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On March 14 2004 President Bush declared that allied forces had succeeded in creating an Afghanistan free from terror. In his address he announced, "Today, that nation (Afghanistan) has a democratic government and many allies -- and all of us are proud to be friends of the Afghan people." He went on to declare Afghanis free and democratic and to hold Afghanistan up as the kind of nation Iraq could become if the War on Terror continued unhindered. Let's hope Iraq fares better.

There's no doubt that Afghanistan's citizens are better off today than they were before the work of allied forces began. But Christianity is not. And while this is not Bush's or Blair's fault and was certainly not their intention, it is a sobering reality, a reminder of the limitations and short-sidedness of governments and armies throughout history. Allied forces have effectively freed Afghanis from the terror of the Taliban only to aid them in establishing a terror of their a own: a theocracy based on Islamic law which requires converts to Christianity to be executed. One nation under God has inadvertently established a nation opposed to it's God and it's God's followers.

The Associated press reports today that Senior Muslim clerics in Afghanistan are right now demanding that a citizen on trial for converting from Islam to Christianity receive the death penalty. If the courts do not execute him clerics are warning that they will rally the now liberated democratic people of Afghanistan to "pull him into pieces." The 41-year-old Rahman, a former medical aid worker, broke Afghanistan's theocratic Islamic laws against becoming a Christian.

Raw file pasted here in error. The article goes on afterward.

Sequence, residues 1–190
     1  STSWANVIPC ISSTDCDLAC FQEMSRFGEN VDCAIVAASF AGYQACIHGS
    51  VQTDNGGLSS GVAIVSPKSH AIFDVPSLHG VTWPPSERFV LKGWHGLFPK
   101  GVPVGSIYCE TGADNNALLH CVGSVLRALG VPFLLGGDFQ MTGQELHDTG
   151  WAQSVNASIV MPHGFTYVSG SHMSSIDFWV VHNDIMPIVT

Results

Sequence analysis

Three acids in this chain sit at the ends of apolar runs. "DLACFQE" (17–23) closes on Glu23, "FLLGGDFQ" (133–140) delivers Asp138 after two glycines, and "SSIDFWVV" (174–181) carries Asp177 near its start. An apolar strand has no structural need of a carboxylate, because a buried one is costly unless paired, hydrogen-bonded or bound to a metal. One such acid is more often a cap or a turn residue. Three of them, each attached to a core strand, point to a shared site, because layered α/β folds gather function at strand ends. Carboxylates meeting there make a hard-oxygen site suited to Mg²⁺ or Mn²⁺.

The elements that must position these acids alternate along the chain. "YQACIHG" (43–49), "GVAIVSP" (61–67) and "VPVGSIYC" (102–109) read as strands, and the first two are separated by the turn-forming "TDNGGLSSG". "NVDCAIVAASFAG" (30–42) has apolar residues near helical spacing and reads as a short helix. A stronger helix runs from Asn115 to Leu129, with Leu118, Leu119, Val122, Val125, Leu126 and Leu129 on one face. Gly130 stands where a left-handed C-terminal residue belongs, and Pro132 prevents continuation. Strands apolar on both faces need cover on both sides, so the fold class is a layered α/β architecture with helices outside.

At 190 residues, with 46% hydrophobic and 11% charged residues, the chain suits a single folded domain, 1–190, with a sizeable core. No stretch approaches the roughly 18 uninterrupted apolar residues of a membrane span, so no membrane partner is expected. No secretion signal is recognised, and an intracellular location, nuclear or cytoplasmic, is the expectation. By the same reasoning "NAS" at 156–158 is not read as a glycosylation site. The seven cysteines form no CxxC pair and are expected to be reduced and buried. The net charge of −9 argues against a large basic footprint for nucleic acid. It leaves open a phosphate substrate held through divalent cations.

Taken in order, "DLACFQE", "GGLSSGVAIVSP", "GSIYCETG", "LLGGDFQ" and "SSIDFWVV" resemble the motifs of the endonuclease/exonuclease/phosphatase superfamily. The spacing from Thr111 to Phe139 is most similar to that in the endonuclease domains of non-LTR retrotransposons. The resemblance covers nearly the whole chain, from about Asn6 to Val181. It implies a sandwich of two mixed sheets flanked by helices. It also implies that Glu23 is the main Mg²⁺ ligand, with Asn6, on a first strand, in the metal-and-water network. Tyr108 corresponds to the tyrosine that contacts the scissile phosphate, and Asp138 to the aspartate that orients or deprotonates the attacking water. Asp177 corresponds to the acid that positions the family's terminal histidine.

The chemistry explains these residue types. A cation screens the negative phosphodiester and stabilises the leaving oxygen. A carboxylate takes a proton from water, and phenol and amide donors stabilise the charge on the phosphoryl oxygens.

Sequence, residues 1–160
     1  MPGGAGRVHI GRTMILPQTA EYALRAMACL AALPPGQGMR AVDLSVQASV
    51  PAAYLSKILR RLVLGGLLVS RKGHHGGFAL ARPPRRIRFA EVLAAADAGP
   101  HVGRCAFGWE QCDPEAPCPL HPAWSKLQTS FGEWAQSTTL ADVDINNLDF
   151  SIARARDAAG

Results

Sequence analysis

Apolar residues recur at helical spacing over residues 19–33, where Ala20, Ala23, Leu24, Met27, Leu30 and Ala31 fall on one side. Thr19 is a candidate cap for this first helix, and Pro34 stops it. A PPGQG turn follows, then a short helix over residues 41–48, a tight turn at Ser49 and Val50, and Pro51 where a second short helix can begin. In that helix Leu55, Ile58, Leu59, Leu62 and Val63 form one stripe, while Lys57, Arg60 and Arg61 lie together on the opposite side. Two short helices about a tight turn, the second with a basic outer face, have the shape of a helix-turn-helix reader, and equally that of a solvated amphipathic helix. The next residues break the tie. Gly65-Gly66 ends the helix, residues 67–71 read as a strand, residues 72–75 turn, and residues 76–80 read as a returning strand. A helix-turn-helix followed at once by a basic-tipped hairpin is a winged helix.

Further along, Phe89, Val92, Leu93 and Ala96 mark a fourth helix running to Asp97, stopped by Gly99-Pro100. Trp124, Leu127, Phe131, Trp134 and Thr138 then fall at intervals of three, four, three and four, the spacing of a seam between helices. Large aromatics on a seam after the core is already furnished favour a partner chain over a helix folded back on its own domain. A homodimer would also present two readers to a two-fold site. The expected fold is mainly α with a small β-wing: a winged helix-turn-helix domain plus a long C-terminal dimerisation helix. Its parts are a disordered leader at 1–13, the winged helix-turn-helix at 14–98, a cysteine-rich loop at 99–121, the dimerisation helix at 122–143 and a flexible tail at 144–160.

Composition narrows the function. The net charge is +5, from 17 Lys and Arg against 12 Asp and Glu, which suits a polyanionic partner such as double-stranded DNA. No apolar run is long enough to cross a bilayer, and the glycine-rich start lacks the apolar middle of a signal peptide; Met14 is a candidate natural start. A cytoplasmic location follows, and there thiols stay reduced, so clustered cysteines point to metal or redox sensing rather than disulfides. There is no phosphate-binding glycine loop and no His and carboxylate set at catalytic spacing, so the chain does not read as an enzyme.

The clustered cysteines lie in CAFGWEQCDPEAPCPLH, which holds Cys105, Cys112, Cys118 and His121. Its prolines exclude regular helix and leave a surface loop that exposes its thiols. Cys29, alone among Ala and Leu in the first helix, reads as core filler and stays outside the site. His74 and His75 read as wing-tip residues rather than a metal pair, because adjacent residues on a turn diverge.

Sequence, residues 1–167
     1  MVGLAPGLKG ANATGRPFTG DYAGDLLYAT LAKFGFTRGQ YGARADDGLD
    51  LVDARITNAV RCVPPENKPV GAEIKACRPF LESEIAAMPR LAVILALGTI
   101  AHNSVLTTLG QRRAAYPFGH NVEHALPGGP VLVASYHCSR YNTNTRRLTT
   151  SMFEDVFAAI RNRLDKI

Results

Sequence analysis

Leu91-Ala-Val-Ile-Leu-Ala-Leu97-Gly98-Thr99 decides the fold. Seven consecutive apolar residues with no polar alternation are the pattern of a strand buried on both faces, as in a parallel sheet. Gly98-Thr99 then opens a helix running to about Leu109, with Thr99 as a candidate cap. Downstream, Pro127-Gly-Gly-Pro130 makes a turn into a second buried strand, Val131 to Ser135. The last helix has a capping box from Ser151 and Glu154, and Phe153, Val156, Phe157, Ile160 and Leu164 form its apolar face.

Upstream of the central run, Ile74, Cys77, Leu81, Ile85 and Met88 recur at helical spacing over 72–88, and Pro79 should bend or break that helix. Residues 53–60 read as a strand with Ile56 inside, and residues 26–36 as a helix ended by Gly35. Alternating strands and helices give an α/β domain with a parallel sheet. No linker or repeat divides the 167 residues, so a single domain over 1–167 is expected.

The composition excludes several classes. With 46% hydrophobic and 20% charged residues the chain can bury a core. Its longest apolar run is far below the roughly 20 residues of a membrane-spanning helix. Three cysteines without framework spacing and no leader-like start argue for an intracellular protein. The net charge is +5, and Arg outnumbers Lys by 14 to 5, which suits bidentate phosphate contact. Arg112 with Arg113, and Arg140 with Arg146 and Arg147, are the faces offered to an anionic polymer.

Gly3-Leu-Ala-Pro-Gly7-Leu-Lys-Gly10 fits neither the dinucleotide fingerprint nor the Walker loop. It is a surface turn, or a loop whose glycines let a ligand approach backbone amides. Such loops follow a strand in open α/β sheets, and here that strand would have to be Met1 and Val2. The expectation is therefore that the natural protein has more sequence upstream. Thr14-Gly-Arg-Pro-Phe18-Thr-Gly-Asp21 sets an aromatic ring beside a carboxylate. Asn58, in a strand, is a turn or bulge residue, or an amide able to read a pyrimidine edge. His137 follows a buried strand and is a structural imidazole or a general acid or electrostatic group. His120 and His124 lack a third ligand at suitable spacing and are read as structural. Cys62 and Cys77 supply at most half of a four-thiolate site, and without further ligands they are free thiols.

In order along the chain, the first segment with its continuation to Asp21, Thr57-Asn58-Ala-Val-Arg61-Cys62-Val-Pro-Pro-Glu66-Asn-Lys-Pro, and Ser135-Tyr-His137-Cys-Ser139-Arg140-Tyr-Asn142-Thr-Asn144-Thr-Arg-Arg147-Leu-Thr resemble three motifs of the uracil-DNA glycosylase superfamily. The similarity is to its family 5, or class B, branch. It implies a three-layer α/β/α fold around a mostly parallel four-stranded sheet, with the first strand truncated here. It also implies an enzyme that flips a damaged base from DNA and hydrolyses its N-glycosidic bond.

"Rejecting Islam is insulting God. We will not allow God to be humiliated. This man must die," said cleric Abdul Raoulf, who is considered a moderate and was jailed three times for opposing the Taliban before the hard-line regime was ousted in 2001. He is a supporter of the War on Terror. He is an ally but an enemy of my King.

Pressured by Western leaders the courts in Afghanistan are frantically searching for ways to free the Christian convert without going against their own laws forbidding conversion. One out is for Rahman to claim insanity and another would be for him to be exiled to the West. But Said Mirhossain Nasri, a top cleric at the Hossainia Mosque in Kabul, said the convert should not be allowed to leave the country. "If he is allowed to live in the West, then others will claim to be Christian so they can, too," he said. "We must set an example. ... He must be hanged."

The clerics are angry with the United States for pushing for the convert's freedom. "We are a small country and we welcome the help the outside world is giving us. But please don't interfere in this issue," Nasri said. "We are Muslims and these are our beliefs."

So, should Christians support (however that's defined) U.S. government actions establishing new governments and nations if those nations are at their core opposed to Christ and Christianity? What do you think?